Shadow Work Session 1: 10 Of Pentacles

Tarot Card: 10 of Pentacles

Meaning/Themes: Reaping the rewards of a lifetime of hard work and planning. The culmination of one’s hard work and planning. Sacrificing in the present to build a secure and stable future. Needing security and stability to be happy. Sometimes doing things you don’t want to do and avoiding risks to ensure your long term security and safety. This card can sometimes nod to one’s children/descendants.

When I first drew this card, I was intrigued by the fact that I was being asked to start my shadow work journey with the final card in the tarot. It definitely gave me the sense that I was being asked to start at the “end” and work my way backwards. This approach makes total sense to me because where I am in my life right now, I think that it will be much easier for me to start my journey by delving into the aspects of my shadow self that are at play in my life right now than it would be for me to start at the very beginning of my shadows development.

It came as no surprise to me to learn that I have some shadow traits centered around my need and desire for security and stability. As a Taurus sun, this is an aspect of myself that I have come to acknowledge and accept throughout the course of my life. However, while meditating on this card today I have been reminded of how my desire for security began to develop in my early childhood. I told myself that when beginning my shadow work journey, I would simply draw a single card (drawing clarifiers when needed) and open myself up to whatever that card has to teach me. With that being said, I suppose that I will begin my first shadow work session by jotting down the first thoughts that this card triggered for me.

When I first drew this card, I thought of all the ways that I am currently trying to plan for my future. I am presently very discontent with my life and I want to make major changes so that my future can be different/better. This discontent is significant surrounding issues like finances, relationships, family dynamics, and my personal goals, ambitions, and freedoms. As I pondered all of this, I became depressed by the notion that I should have already “arrived” at the vision of stability and success (two concepts that are very intermingled for me) that I developed for myself as a child, teen, and young adult.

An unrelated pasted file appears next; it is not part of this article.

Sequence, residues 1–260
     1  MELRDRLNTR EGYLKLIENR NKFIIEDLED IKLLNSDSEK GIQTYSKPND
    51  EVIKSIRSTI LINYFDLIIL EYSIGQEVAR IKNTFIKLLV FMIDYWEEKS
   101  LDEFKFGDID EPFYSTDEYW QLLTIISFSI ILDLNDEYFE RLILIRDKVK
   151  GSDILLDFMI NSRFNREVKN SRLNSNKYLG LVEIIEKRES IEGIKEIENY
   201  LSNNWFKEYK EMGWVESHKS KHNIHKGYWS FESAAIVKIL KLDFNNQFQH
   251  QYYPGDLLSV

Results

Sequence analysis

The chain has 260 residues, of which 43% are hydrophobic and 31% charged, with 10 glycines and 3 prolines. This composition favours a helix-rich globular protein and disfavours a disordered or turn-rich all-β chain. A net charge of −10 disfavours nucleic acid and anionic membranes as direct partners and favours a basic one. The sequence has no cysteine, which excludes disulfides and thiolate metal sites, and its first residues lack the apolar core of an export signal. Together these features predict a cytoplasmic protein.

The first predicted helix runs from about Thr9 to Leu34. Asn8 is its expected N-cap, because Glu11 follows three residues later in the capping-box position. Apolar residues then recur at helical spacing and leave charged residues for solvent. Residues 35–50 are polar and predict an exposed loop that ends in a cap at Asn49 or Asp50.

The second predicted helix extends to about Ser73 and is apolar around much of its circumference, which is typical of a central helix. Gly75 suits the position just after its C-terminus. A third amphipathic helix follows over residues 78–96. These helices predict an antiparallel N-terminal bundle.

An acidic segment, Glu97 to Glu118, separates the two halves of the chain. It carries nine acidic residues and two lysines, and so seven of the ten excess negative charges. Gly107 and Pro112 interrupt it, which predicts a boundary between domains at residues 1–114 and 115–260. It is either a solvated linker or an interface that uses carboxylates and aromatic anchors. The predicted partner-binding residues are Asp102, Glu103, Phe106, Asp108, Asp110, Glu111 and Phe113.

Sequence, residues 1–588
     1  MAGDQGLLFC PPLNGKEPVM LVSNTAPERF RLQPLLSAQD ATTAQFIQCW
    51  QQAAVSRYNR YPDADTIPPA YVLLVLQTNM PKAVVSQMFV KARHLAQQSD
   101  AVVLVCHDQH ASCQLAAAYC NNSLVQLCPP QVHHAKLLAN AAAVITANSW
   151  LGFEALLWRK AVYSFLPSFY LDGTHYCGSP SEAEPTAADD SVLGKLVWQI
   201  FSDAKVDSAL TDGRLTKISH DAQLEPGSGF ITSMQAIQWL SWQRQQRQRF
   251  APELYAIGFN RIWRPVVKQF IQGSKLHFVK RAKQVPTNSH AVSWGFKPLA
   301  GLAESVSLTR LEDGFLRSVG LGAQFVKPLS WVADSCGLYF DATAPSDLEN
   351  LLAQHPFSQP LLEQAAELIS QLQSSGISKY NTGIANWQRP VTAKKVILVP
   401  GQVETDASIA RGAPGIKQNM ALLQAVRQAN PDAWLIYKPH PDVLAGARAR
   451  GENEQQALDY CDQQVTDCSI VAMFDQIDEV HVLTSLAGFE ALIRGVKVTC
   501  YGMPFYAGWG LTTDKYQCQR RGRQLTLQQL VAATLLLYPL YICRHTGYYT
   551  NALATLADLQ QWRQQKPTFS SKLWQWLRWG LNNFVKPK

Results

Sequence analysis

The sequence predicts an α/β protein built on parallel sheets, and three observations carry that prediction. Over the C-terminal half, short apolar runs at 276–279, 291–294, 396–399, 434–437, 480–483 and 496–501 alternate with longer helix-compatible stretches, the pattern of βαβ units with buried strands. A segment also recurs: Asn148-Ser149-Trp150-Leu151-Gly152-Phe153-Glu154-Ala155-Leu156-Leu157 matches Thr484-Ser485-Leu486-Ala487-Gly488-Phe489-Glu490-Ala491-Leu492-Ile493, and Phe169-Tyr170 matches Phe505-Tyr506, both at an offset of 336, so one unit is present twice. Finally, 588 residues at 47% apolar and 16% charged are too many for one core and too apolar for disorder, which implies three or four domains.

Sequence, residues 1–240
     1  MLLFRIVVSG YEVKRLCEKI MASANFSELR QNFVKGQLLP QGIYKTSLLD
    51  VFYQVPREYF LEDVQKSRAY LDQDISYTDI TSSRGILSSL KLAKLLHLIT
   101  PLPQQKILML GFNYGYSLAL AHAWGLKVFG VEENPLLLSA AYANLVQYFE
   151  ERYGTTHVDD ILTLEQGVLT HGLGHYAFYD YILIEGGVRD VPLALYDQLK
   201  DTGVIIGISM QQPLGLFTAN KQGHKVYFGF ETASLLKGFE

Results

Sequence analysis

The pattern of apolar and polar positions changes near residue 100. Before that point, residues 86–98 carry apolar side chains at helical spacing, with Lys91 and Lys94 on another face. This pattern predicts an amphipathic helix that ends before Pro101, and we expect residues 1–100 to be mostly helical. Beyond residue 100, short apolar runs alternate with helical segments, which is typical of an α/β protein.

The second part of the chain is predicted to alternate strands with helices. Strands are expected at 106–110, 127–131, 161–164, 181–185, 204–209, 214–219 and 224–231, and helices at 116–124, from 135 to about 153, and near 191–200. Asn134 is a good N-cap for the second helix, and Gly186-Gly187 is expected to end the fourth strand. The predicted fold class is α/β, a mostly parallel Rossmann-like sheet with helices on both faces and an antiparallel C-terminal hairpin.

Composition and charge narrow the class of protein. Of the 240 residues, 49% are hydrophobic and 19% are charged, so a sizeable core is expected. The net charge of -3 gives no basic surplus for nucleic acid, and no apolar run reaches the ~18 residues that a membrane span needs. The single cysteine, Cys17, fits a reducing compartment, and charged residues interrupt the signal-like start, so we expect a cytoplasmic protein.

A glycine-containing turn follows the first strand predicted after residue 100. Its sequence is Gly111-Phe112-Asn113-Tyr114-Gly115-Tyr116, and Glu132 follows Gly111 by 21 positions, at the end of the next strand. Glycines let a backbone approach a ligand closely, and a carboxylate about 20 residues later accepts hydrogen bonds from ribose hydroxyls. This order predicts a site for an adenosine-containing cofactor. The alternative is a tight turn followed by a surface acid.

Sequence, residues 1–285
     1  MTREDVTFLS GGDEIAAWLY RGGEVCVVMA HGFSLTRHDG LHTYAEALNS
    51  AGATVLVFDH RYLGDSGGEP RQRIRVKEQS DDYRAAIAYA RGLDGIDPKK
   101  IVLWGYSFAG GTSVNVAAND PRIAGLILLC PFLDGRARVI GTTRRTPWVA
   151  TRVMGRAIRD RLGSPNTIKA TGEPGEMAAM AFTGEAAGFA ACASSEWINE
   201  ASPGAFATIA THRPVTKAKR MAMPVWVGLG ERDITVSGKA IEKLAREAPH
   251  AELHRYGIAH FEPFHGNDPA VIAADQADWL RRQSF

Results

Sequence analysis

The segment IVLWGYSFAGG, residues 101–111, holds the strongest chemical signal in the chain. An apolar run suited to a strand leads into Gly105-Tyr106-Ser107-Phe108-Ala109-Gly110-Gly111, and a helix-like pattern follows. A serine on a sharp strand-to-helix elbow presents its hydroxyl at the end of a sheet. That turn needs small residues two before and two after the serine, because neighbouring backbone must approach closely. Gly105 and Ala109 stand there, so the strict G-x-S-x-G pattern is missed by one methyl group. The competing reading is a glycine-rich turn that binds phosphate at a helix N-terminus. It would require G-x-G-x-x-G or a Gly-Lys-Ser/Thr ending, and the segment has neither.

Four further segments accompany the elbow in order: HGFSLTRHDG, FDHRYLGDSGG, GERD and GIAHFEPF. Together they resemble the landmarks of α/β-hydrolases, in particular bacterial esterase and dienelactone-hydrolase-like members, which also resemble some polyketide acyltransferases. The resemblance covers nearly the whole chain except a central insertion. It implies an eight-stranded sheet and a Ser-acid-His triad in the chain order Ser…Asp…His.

Exploring my relationship with the concept of security and stability in my childhood: I grew up poor, living in a three bedroom trailer with my mom, grandma, great-grandma, and bother. My aunt even lived with us for several years. Because our trailer was so cramped and overcrowded, I had to share a room with my brother and great-grandma until my aunt Silvia moved out and my brother was given her old room. I didn’t even have my own bed for many years, as I had to share my bed with my great-grandma. During the day, my three little cousins always stayed at my house so our grandma could watch them while their parents worked. The house was crowded, loud, and chaotic most of the time and none of us had any space to ourselves. None of us had a safe, quiet, secluded place to go where we could be alone. I remember that I would often sit under trees outside or hide in my mother’s room while she was at work to be alone. Throughout my childhood, I had an intense desire to have my own space and things. This desire deepened as I began visiting my friends houses, realizing that most people did not live the way that I did. In my mind, most people had their own rooms. Most people didn’t have to share their bed. Most people lived in larger houses. Most people had rules and order in their homes instead of children being free to run in and out of the house making all the noise they wanted. My time spent in school also drew to my attention that, many people looked down on those who lived in my neighborhood. It was clear to me that kids from the trailer park were seen as poor and lower class. I began to see that the people that I liked and wanted to be like were wealthy, so I began to look down on myself and my family because we were poor and lived in a trailer. I also began to develop severe issues with jealousy and possessiveness. I wanted what my friends had and I always felt ashamed and disgusted with myself when I couldn’t have those things. I began to notice things like clothing and mannerisms that “poor kids” often possessed and internally looked down on them for those things even though I was poor myself. When I did get nice things, I felt the need to hide them and keep them away from my cousins and brother, who all got even fewer nice things than I did. As an adult, I have noticed that both my cousin Lindsay and myself developed this tendency because as children, there were five of us yet there was never enough nice new things to go around. I definitely developed a tendency to focus on all of the things that I didn’t have rather that becoming grateful for the things that I did have.